There are men who love to shop. I just don't know any.

The fellas I'm related to, the guys I work with and the ones I see when I'm out shopping would rather have a tooth yanked (without Novocain) than pick out a suit, choose a shirt, or, for that matter, shop for sweat socks. A good example of this mind set is Peter Bentler, a 27-year-old financial adviser at Smith Barney, who told me that shopping "is really torture." "Going into stores, looking at multiple things? ... I hate it."

It's this kind of negative attitude that Daniel Wiebracht thrives on. Wiebracht is a "professional clothier" who counts Bentler among his devoted clients.

Wiebracht's job is to keep you out of stores. He is the store. Wiebracht comes to your office, assesses your needs, shows you the stuff, takes your measurements, orders the clothes -- down to the socks and boxer shorts if that's what you want -- and then delivers it all, waits for you to try it on and will take it back for further alterations if you don't like the fit. "It's the best deal ever," said Bentler.

I'd always assumed that this was the kind of service that Michael Jordan, Donald Trump and Tom Cruise employ to outfit themselves for their busy lives as zillionaires. Many menswear shops will offer personal service if you spend a great deal of money at their stores.

But I've recently learned that the same thing is available to regular people with less astronomical incomes, retailphobics who just want to avoid shopping in stores but either don't trust their own judgment or want the personal attention you can't getshopping online.

"Our ready-made suits start at $359 and you get the same service as someone who is spending $4,000 on a suit," said Wiebracht, a personable, well-dressed 23-year-old salesman. He works for a company called Tom James, a privately owned firm founded in Nashville in 1966 that does not advertise and relies on word of mouth to acquire its clients. (The company also does women's business suits, but the vast majority of its clients are male.)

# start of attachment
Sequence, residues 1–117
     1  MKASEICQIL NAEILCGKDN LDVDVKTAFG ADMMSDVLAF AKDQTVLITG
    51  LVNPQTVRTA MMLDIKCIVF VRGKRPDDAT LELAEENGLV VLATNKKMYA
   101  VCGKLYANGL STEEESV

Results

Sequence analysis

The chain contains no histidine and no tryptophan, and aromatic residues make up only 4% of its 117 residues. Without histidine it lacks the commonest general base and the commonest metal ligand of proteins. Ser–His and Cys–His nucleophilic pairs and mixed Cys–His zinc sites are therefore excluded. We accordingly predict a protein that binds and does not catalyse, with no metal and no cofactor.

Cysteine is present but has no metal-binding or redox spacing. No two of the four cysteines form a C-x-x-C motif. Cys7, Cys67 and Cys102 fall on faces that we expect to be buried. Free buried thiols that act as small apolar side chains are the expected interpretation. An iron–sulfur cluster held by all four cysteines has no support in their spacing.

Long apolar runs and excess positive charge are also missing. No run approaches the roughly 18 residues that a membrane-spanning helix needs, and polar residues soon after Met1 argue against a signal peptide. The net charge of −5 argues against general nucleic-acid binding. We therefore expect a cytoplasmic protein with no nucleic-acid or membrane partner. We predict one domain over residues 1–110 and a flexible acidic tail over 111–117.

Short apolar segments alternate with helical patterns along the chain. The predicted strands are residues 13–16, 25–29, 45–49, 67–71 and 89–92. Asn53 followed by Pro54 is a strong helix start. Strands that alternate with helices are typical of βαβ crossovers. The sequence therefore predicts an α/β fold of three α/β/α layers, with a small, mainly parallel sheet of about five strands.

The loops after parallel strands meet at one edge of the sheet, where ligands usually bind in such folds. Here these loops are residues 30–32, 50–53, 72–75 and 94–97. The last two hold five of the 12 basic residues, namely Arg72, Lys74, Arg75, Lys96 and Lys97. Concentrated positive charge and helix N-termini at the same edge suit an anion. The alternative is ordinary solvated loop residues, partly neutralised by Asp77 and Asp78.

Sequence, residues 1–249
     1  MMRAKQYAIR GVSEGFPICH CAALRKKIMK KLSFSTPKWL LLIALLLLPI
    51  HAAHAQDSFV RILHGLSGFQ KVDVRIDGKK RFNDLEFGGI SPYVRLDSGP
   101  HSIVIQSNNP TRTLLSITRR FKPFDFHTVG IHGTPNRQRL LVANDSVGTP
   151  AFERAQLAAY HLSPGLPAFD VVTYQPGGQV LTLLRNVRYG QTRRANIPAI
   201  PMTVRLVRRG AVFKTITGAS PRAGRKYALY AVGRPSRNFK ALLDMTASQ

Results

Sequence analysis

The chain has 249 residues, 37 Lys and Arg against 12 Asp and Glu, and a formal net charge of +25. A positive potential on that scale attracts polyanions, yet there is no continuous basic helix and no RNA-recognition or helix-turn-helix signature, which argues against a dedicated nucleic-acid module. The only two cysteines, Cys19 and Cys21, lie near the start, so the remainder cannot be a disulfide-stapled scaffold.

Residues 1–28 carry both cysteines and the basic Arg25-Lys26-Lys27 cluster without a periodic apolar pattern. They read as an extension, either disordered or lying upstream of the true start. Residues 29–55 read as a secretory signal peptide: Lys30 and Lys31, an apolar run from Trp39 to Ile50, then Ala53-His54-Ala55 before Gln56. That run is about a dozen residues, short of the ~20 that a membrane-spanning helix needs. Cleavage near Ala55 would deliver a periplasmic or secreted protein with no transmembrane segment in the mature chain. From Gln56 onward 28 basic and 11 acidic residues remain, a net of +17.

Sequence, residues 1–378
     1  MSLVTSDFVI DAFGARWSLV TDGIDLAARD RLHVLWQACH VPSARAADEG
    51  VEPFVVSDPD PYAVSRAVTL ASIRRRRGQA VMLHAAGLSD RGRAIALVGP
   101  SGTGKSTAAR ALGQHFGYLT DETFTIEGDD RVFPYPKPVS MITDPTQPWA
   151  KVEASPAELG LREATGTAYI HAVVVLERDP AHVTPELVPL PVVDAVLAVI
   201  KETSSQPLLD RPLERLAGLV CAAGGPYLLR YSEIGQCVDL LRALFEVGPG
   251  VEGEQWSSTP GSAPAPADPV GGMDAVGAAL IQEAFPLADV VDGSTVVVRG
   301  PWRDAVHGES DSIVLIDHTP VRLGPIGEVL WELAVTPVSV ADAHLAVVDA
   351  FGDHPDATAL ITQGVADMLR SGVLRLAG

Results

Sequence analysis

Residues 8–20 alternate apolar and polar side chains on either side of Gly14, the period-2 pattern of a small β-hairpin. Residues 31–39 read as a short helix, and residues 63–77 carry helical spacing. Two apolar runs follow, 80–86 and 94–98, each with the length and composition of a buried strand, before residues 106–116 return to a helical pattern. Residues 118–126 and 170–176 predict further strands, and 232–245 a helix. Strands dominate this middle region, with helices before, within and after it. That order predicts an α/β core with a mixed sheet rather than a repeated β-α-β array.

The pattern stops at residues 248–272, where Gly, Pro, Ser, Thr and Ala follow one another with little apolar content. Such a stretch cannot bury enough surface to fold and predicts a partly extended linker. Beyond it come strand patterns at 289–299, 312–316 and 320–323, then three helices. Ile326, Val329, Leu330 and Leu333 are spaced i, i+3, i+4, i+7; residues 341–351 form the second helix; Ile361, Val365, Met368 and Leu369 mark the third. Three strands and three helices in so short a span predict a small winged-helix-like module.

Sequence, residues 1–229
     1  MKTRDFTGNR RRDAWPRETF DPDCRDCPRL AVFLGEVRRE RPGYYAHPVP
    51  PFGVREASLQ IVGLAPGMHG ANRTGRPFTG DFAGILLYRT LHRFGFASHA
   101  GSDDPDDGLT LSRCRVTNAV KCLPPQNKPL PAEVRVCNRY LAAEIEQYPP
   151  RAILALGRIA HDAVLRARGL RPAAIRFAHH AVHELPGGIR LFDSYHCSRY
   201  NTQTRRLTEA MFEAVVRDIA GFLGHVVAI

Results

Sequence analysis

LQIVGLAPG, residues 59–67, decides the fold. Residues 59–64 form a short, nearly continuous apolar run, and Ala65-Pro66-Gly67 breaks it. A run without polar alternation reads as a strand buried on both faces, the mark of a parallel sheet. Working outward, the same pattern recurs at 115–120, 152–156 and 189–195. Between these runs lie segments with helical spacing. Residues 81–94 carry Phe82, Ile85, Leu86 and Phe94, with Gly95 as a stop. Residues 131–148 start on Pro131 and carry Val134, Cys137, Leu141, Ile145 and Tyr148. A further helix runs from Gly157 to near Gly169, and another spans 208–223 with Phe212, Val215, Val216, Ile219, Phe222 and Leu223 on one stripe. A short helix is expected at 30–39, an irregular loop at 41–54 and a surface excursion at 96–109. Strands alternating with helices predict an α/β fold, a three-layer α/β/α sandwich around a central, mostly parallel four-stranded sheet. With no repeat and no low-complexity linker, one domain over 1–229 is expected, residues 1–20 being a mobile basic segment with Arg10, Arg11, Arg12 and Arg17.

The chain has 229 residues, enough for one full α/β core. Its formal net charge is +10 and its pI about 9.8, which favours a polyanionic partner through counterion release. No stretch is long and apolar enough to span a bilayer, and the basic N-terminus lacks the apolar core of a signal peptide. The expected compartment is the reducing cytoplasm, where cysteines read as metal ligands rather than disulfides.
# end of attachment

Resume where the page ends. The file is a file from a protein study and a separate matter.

With 23 sales employees, the Tom James Chicago office is the largest of the firm's 182 worldwide offices, a strong indicator that Chicago men are busier, lazier, more store averse -- or all three -- than their counterparts in other big cities.

The company makes many of its own fabrics and manufactures suits for its label as well as for many department store labels, claiming the title of "the world's largest manufacturer and retailer of custom clothing."

I met Dan Wiebracht and his supervisor, Eric Kean, 29, in the lobby of the Loop office building at 70 W. Madison St. where they were about to deliver a charcoal suit to Bentler -- his first custom-made garment. When we arrived at the front desk of Smith Barney on the 51st floor, Wiebracht seemed to know everyone, even though he has only worked for the company since January. "Hi Emma," he greeted the receptionist. "How you doing?"

Tom James sales territory is divvied up by building, which is why so many of the Smith Barney guys are Wiebracht clients. "Ryan, looking great!" Wiebracht greeted one man in shirt sleeves. "That's one of my shirts," Wiebracht boasted. "And my ties.

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